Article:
By Emily Duff
Despite being released 15 years ago, the political relevance of ‘V for Vendetta’ remains unchanged - in fact possibly more pertinent to a modern audience.
A significant role ‘V for Vendetta’ plays in helping to explain my understanding, and love of, film is how different forms of media have had the same important role of reflecting, or warning us of, the current reality. While the ‘V for Vendetta’ comic book was originally published almost 40 years ago, the film permeated popular culture within a new generation after the film’s release (despite Alan Moore being displeased with its production). For me, this demonstrates how plots can remain relevant to a range of people within a range of contexts. As a comic played the role in aiding understanding in the 80s, the 00s film then further developed this idea to a wider audience.
Evocative of The Matrix, it embodies what I love about film; its reflection of an individual’s perspective. The consistent mirroring of Guy Fawkes within V’s mask reminds an audience of the continuation of these issues with government oppression. Despite its reminiscence to an event from roughly 400 years ago, the messages of unhappiness and inequality within a constantly changing government remain true. Media is used, whether that be literature, film or music, to replicate our everyday emotions in order for those around us, and those after us, to fully comprehend the discussions and thought processes taking place at that time.
Despite the 9/11 bombings taking place just 4 years prior to V for Vendetta’s release, terrorism is presented positively, as though a necessity in order to beat an oppressive government, just as Guy Fawkes demonstrated this extremity. Through political satire and a hyperbolised reality of what may occur, the film, therefore, gives a warning to the individual of the dystopia that could occur without a change: giving demand and urgency to a wide audience within the mainstream. Films like these express the imperativeness of change - pushing the limits of how far a government could go until the change becomes too late. The audience is also faced with this ultimatum of supporting the plan of someone not dissimilar from the terrorists who caused such harm just 4 years prior or supporting the radical change needed to revolt against a populations obsoletion - the audience can transfer the on-screen events to their current situations once they leave the cinema. Movies are able to give a glimpse into the future based on an exaggerated alternative reality, providing insight into other people’s perspectives in order to challenge current beliefs - and hopefully causing the changes desired by those creating the media, or at least sparking conversation. With an increase in Political Correctness and movements like #MeToo, films are able to amplify these viewpoints in order to increase these necessary discussions.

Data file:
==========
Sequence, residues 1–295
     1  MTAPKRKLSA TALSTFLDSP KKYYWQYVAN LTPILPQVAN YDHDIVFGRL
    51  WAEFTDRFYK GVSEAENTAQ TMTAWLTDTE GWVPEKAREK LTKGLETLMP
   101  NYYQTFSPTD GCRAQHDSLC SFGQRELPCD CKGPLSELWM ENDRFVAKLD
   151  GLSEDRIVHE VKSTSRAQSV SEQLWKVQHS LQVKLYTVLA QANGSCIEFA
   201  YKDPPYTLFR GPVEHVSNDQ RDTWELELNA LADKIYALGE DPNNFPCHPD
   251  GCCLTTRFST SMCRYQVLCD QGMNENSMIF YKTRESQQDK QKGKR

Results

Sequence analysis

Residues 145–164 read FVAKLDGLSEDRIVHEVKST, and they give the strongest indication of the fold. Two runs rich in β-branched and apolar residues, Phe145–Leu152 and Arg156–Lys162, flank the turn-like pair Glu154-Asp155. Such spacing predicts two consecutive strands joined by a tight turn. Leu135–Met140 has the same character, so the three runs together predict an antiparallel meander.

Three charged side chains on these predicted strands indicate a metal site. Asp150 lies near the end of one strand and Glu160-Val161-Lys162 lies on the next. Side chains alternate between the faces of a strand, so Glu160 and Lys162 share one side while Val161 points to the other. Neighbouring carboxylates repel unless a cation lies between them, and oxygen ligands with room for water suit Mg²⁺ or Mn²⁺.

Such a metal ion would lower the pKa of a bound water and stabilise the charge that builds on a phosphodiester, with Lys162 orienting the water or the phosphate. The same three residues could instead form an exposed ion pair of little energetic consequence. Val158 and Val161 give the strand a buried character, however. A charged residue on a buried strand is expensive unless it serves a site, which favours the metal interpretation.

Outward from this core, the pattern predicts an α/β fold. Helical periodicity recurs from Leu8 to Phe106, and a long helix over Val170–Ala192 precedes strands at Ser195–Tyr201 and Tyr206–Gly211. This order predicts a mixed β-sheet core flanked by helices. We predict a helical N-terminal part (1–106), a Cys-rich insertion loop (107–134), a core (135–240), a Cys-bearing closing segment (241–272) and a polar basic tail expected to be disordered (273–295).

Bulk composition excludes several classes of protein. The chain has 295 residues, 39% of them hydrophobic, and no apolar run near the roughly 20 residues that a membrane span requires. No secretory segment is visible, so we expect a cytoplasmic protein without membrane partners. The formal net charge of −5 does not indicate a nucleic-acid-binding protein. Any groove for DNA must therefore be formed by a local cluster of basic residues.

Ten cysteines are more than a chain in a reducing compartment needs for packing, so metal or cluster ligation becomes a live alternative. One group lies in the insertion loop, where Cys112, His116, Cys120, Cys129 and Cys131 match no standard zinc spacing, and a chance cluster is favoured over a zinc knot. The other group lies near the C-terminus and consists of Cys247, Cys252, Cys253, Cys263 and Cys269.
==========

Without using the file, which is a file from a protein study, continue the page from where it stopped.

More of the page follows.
On top of the hard-hitting plot, even the cinematography of ‘V for Vendetta’ is significant. With the camera retaining a dull colouring throughout, a war-like atmosphere is created - with the darkness highlighting both the mystery of V and the fear within the public at the time. Even V’s home is beautifully curated as details surround every corner of the house, along with its setting of a forgotten castle, all adding to the mystery of V’s character, not becoming clear until the end of the film. This is also furthered by Evey’s switching between support and anger towards V’s plans, again, leaving the audience guessing but also furthering the idea of her indecisiveness, an attempt to individualise the thought process of the public faced with V’s announcement. This, again, reflects real life as people are torn between two extremes: in this case, V and their government. I would say this was very similar to the split caused during the UK’s 2019 General election, a one in which many were passionate on who they were voting for while others felt split between a very extreme left-wing leader, resembling V, and continuing to support a party who had been on a downward destructive path for their time, the current Government in ‘V for Vendetta’.
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